Some of our greatest masters of the arts were inscrutable. Their mystery is displayed in their works and by their lives. Such strange manners contributed to our fascination with their art. Salvador Dali, Picasso, Grandma Moses …all had mysterious ways about them that made their art appealing. Some suffered from debilitating infirmities, which they used to express what was in their soul.
In Maude Lewis’ case, for example, her crippling rheumatoid arthritis was as much a part of her art as the media and subjects she chose. In fact if you didn’t know who and what shaped her output, you might think Maudie’s was the work of a five-year-old. It was her spirit that made her work so desirable—a fact that was dramatized in a recent biopic. An artist’s soul tends to transcend their brokenness, and in doing so, change the lives of those around them. That explains the art of God—the ultimate inscrutable creator.
St. Paul described the spirit of God best in his letter to the Romans, from which we take this Sunday’s second reading (Rom 11:33-36):
Oh, the depth of the riches and wisdom and knowledge of God! How inscrutable are his judgments and how unsearchable his ways! For who has known the mind of the Lord
Our Creator’s masterpiece is his Kingdom, and His chosen media are his people. He uses each of us to shape and highlight each other’s best qualities. The museum for his art is in humanity’s greatest literature, especially our holiest writings. For example, in the Holy Bible are the collected works of prophets and saints whose broken humanity drove them to achieve and express the spirit of God in the books and letters bearing their names. Careful readers can even spot the foreshadowing our Creator uses throughout the expressions of his spirit as displayed by his artists. In this Sunday’s first reading (Is 22:19-23), one of God’s greatest prophets, Isaiah, introduces us to Eliakim, whose name means “Resurrection of God.” Eliakim’s replacement of Shebna gives us an inkling of the coming of God’s greatest expression of transcendent humanity: Jesus Christ.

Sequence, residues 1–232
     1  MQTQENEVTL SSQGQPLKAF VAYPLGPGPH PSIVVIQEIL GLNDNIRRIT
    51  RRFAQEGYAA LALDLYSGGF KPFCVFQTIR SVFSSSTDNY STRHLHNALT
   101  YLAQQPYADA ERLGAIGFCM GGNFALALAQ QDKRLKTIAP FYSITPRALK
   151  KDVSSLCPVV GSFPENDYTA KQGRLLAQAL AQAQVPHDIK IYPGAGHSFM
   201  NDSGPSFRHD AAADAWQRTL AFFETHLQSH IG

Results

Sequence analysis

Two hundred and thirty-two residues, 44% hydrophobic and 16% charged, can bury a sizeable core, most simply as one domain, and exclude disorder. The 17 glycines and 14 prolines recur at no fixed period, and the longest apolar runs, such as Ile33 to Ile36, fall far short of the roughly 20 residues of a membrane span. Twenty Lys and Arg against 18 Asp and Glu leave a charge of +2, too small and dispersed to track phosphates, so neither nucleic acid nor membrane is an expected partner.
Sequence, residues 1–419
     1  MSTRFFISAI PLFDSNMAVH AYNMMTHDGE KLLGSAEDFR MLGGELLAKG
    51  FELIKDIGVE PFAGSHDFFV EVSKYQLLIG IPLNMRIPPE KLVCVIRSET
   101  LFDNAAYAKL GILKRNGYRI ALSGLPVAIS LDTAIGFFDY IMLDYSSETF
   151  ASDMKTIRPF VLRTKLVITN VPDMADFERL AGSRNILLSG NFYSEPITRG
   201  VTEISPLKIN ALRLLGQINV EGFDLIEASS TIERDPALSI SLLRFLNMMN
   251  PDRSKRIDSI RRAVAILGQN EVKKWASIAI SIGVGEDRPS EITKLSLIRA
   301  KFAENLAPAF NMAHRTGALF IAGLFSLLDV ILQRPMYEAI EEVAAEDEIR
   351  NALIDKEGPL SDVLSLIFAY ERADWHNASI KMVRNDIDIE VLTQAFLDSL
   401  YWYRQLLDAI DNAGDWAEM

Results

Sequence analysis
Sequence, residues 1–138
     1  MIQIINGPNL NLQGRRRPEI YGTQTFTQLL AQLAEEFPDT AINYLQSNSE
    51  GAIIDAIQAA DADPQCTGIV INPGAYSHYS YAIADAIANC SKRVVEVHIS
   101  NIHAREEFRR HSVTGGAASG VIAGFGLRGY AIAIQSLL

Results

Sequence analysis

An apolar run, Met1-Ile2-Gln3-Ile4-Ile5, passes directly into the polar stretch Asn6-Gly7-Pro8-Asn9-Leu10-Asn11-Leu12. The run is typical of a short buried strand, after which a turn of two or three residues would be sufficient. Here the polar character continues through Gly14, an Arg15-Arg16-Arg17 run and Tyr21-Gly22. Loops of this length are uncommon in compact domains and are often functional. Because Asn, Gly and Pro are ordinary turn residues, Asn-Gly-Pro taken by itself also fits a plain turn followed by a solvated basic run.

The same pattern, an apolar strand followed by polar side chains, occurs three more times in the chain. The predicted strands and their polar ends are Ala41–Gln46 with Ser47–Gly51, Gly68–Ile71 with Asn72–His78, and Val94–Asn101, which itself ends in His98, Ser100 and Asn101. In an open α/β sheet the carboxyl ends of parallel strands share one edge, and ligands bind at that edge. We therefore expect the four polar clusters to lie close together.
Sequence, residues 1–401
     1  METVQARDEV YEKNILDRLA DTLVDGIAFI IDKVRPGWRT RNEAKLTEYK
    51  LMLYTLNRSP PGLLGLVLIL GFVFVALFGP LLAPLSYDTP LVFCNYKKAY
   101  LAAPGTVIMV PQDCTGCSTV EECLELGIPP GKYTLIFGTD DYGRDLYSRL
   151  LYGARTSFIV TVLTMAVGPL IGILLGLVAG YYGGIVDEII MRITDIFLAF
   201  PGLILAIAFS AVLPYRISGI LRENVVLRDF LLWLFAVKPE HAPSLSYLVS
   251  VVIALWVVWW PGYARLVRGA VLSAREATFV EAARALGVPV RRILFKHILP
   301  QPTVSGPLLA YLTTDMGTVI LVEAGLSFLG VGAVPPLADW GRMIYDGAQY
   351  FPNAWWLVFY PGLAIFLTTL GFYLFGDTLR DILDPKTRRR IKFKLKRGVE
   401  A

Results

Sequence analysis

Thus says the LORD to Shebna, master of the palace: “I will thrust you from your office and pull you down from your station. … I will place the key of the House of David on Eliakim’s shoulder; when he opens, no one shall shut, when he shuts, no one shall open. I will fix him like a peg in a sure spot, to be a place of honor for his family.”
Jump ahead to the New Testament and find this Sunday’s gospel reading from Matthew (Mt 16:13-20) in which God the Son entrusts the keys that access His Father’s Kingdom to one of his more broken disciples: Simon Peter. As with any great artist, it is how our Creator’s spirit overcame Peter’s simplicity that impressed Jesus:
“But who do you say that I am?,” Jesus asked him. Simon Peter said in reply, “You are the Christ, the Son of the living God.” Jesus said to him in reply, “Blessed are you, Simon son of Jonah. For flesh and blood has not revealed this to you, but my heavenly Father. And so I say to you, you are Peter, and upon this rock I will build my church, and the gates of the netherworld shall not prevail against it. I will give you the keys to the kingdom of heaven.
The Bible is a record of how our broken humanity channels the spirit of God to inherit the Kingdom of our Creator. We the living are called to carry on with the artistry of the prophets and saints. Our media are the souls with which we surround ourselves, and we shape each other by how we channel the inscrutable spirit of our Creator.